One being of course being Go and Ju as explained above.
Goju Ryu also carries the characteristics more so of a Bujutsu rather that that of Budo including grappling and throwing techniques as well as sticky movements along with quick explosive motions generated from the hips.
Another is Ibuki (‘Ikibuki’ – YO & IN), the famous breathing techniques which have been developed in a way to place the mind and body in harmony, uniting them for a more efficient person, and stimulating the bodies internal organs bringing you to a total state of awareness. Imagine with every block you inhale and with every strike you exhale. This would be soft to hard. Reverse the order of breathing and call it hard to soft. There are many other principles of application for Ikibuki and most synchronize breathing with body movement.
Jiyu-Kumite (free fighting) developed for close range fighting utilizing Neko Ashi Dachi (cat stance or cat leg stance) to quickly and easily move to and from other body positions for a more effective fighter.
Buji which means the absence of conflict or peace, another way of saying this is although harmonized Goju Ryu is at all times seeking a better way, not saying there is something wrong with the way that anything is done however the possibilities are limitless!
Goju Ryu shares its roots with other styles of Karatedo developed over the centuries from the fighting arts of China and rooted through Okinawa. Many of the school’s movements are very soft, as in Chinese Kempo. In China, there were two counter parted arts of Chang, or fist. One is categorized as hard style, or External style. The other is Soft style or Internal style. Hard and External style represent Zen Buddhist initiated school such as various branches of Shaolin Chun, and Soft and Internal style represent Yee Chuen, Pai Kua Chang, and Tai Chi Chuen.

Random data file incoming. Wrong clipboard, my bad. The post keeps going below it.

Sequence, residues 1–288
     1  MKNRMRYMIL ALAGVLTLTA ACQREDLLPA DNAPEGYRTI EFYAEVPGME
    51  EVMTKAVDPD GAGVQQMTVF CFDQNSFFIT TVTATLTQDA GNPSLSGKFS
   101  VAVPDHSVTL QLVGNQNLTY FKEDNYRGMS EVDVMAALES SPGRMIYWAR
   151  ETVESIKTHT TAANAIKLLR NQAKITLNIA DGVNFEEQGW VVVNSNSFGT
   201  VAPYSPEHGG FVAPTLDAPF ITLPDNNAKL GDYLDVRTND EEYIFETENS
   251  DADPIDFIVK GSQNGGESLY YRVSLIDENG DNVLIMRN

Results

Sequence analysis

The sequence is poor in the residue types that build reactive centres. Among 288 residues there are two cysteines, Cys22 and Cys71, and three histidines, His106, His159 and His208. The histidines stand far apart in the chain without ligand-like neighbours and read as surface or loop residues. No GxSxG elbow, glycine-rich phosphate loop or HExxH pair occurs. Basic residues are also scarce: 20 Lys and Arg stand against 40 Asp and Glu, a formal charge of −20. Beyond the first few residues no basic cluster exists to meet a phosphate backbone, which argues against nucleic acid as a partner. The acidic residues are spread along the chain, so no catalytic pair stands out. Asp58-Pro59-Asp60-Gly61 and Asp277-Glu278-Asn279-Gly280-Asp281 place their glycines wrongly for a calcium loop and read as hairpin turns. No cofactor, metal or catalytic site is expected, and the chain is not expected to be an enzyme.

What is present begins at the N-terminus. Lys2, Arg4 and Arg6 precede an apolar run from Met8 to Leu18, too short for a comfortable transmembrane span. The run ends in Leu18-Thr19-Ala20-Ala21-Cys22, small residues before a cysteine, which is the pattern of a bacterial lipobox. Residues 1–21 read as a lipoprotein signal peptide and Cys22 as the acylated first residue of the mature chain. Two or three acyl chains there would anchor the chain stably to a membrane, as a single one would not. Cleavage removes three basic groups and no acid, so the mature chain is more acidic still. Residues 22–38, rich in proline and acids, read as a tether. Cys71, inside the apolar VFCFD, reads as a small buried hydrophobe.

The Okinawa brand of Karatedo was originally imported from China more than 400 years ago, but had developed into a hard style during its years on the island by the influence of the Okinawa native arts. When these arts came to Okinawa, where they underwent changes and were combined with Okinawa Te. Many approaches to self-defence came into existence. Naha Te named after the city it was practiced in (Naha) over time developed in combination of other Te to become Goju Ryu. Kanryo Higaonna was known as the highest authority of Naha Te. He as well as his successor Chojun Miyagi (1888-1953) made several treks to Mainland China to absorb more skill and to hone their art. Miyagi for the most part undertook invented and standardized the training and modernization of the techniques, and created the first named style of Karatedo (other than that named after the city it was founded). He later (1928) introduced Goju Ryu to the Japanese mainland. There Gogen Yamaguchi Hanshi, his successor on the mainland trained in and propagated Goju Ryu.
Disciplining the body and mind in combination have always been part of Japanese culture and is clearly expressed in Karatedo and many other martial arts whose origins can be found in Japan including Goju Ryu. Oddly, much of the system can and has been based on geometric and mathematical formulas. Much of this based on the function in dimension, space versus time and can be demonstrated so via mathematics calculation.